Ford Motor Company (NYSE:F) has announced a plan to hire 2200 workers in the United States this year. The announcement comes just a day after the firm revealed it was going to double the dividend it paid to shareholders in 2013. The plan forms the biggest single salaried hire by the auto company in more than a decade.
The US auto industry is riding high on news that December was the biggest month for car sales since 2007. The industry that almost sank in the early days of the financial crisis now appears to be leading the United States toward recovery. More than that, it is adding jobs in the United States, a necessity for any recovery.
Ford Motor Company (NYSE:F) said it will be hiring in engineering, manufacturing and computer software. The positions will be white collar, and will support the firm's plans to design and produce new and varied products in the coming years. The company has been hiring aggressively since its fortunes began to turn around last year, based on a deal it made in 2011 with the United Auto Workers Union.
As part of that deal, the company committed to adding 12,000 jobs in the United States by 2015. The company added more than 8,100 jobs in the country in 2012, and is clearly not slowing down. Yesterday, General Motors Company (NYSE:GM) announced that it was hiring 1000 workers for a new center in Atlanta.
The auto industry has certainly been one of the most visible sources of new jobs in the recovering economy. Since the problems faced by the firms were solved, or otherwise defanged, during the financial crisis, the industry has bounced back, and appears to be one of the most dynamic in the US economy today.
Aside from its cultural importance, the auto industry is of massive importance to the US recovery, simply because the industry has to add jobs in order to grow. The United Auto Workers Union has managed to get guarantees that these jobs will be added, and its work ensures that those jobs are of a certain quality.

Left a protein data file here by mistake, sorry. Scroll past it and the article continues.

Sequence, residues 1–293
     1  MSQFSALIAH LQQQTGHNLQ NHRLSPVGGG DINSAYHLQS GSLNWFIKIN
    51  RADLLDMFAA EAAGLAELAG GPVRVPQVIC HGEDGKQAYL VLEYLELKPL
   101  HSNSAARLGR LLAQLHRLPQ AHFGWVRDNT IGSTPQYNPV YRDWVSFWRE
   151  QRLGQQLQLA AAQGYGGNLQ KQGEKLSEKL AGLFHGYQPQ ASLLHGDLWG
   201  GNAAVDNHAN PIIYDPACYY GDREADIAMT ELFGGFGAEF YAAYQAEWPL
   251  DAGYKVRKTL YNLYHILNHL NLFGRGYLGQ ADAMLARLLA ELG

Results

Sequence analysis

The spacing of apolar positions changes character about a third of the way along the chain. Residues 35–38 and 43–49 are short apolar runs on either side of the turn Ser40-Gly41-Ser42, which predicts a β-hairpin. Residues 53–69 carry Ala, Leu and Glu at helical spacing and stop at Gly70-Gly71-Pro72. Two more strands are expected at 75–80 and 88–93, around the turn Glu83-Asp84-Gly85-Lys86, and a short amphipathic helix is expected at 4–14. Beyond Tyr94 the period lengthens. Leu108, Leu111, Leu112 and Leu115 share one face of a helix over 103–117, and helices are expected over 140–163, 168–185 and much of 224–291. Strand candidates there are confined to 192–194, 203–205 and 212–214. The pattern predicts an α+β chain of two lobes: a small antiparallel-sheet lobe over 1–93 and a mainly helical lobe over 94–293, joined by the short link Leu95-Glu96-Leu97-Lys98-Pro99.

The industry is an instructive lesson in times when Unions and industries can work together in order to ensure success, rather than battling to a standstill and ensuring failure. Union's can be a positive force in the economy after all.
Ford Motor Company (NYSE:F) is famous for offering a five dollar work day to employees in 1914. The move doubled the wages of much of the work force overnight and is now seen as an important move in improving efficiency in early factories. Henry Ford himself was adamantly against Unions.
Ford Motor Company (NYSE:F) shares had risen by 0.8% to $13.94 at time of writing. The firm's advancement toward its hiring goals are to be given some credit for investors' confidence in the company. The firm's shares have risen by more than 7% so far in 2013, and some analysts are predicting that the US auto industry will continue at least until 2015. The auto industry appears to have captured attention at the start of 2013.